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Chester J. Cavallito

by Susan J. Ainsworth
June 7, 2010 | A version of this story appeared in Volume 88, Issue 23

Chester J. Cavallito, 94, who first isolated allicin, the active agent in garlic, died on March 28 at his home in Chapel Hill, N.C.

Born in Perth Amboy, N.J., Cavallito earned a B.S. in chemistry from Rutgers University in 1936 and a Ph.D. in organic and physiological chemistry from Ohio State University in 1940.

Cavallito was a research group leader at Sterling-Winthrop Research Institute in Rensselaer, N.Y., from 1942 to 1950 when he isolated, characterized, and synthesized the organic compound allicin from garlic. He also identified allicin’s antibacterial properties.

In 1952, Cavallito moved to Neisler Laboratories to serve as its vice president and director of research. Then in 1966, he accepted a position as professor and chairman of medicinal chemistry in the School of Pharmacy at the University of North Carolina (UNC), Chapel Hill.

Four years later, he became executive vice president of scientific affairs in the Ayerst division of American Home Products, remaining in that role until he retired in 1978.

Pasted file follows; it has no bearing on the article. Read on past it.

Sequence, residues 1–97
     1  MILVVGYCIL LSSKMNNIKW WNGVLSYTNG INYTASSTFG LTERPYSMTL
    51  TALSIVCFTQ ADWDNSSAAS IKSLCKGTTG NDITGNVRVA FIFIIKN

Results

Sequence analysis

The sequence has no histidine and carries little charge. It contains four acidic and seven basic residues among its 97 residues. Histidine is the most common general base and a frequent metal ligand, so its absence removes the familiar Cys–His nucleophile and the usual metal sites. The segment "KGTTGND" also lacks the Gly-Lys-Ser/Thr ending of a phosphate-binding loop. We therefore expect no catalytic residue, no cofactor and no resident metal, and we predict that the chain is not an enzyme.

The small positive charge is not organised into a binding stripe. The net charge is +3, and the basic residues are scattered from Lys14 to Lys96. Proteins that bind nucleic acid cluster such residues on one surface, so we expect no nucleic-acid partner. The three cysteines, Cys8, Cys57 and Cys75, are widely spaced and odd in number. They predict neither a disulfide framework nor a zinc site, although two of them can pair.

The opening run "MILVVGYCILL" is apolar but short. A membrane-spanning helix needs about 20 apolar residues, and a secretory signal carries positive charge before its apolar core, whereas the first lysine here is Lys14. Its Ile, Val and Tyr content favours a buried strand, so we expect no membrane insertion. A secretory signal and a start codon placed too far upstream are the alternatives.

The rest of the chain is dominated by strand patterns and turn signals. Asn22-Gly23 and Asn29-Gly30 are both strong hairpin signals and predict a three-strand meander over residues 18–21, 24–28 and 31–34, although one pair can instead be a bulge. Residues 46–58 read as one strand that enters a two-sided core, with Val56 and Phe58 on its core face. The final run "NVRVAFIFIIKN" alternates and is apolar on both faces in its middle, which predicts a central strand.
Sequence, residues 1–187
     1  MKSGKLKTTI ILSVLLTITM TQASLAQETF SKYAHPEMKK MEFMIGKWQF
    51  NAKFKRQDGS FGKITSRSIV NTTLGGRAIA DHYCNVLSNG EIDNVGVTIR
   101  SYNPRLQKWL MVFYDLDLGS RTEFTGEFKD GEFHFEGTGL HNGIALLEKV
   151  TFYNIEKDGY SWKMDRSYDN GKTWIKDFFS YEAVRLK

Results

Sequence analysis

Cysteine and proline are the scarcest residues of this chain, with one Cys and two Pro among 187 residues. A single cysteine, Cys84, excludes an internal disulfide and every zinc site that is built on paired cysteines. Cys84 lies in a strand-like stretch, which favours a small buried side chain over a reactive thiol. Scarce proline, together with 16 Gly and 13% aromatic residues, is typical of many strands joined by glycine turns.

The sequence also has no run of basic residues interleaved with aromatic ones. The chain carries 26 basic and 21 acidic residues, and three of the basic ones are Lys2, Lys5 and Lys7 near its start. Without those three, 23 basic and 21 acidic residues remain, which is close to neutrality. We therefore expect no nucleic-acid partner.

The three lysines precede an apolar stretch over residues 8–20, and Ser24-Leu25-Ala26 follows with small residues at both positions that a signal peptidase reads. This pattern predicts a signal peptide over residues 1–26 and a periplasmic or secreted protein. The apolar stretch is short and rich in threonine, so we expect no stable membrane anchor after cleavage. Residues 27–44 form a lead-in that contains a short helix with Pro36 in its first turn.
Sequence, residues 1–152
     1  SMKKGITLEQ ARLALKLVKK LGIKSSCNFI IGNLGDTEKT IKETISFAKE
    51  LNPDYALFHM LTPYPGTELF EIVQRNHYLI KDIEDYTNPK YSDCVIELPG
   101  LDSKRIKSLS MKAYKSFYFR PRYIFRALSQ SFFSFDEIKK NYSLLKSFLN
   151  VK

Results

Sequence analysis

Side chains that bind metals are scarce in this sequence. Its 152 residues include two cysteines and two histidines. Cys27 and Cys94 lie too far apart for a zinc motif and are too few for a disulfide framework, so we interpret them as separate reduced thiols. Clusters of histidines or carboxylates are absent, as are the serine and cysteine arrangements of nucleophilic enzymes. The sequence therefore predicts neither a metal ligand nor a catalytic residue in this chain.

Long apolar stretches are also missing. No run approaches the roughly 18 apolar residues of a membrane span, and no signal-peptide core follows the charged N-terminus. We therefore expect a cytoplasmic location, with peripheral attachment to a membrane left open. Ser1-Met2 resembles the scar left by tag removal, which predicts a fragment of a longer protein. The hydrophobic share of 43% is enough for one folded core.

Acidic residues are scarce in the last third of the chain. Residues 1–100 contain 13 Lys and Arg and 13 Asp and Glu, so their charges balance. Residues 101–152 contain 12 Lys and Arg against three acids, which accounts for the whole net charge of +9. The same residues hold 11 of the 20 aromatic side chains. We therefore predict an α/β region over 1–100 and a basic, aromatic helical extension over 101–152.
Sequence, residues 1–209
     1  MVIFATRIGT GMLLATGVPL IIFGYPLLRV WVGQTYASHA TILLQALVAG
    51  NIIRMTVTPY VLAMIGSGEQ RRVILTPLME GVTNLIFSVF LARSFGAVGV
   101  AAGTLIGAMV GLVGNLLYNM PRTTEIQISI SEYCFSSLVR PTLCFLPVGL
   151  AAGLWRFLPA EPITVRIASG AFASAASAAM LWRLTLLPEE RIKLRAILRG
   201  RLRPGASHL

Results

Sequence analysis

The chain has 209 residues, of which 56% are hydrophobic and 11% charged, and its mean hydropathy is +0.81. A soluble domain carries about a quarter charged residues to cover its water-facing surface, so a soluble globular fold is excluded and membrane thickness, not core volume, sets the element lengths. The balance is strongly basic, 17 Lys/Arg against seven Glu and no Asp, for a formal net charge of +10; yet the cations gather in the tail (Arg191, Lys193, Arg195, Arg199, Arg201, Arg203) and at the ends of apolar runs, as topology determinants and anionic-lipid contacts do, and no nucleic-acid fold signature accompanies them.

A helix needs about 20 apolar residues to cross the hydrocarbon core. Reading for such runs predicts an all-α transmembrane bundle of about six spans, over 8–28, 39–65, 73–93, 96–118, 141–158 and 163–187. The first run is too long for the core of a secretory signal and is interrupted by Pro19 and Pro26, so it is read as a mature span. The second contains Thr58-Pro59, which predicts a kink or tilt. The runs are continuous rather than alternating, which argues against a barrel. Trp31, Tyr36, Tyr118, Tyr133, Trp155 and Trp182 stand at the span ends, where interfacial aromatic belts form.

Cavallito then served as an adjunct professor in the UNC School of Pharmacy and as a consultant to various nonprofit organizations until 1990.

Credited with more than 120 publications and 35 U.S. patents, Cavallito was a member of Phi Beta Kappa, the American Association for the Advancement of Science, the New York Academy of Sciences, the American Society for Microbiology, and the American Society for Pharmacology & Experimental Therapeutics. He was an emeritus member of ACS, joining in 1940, and he served as chair of the ACS Division of Medicinal Chemistry in 1959.

He is survived by his wife of 70 years, Lucy; daughters, Linda Shea and Sandra Mays; son, John; three grandchildren; and three great-grandchildren.



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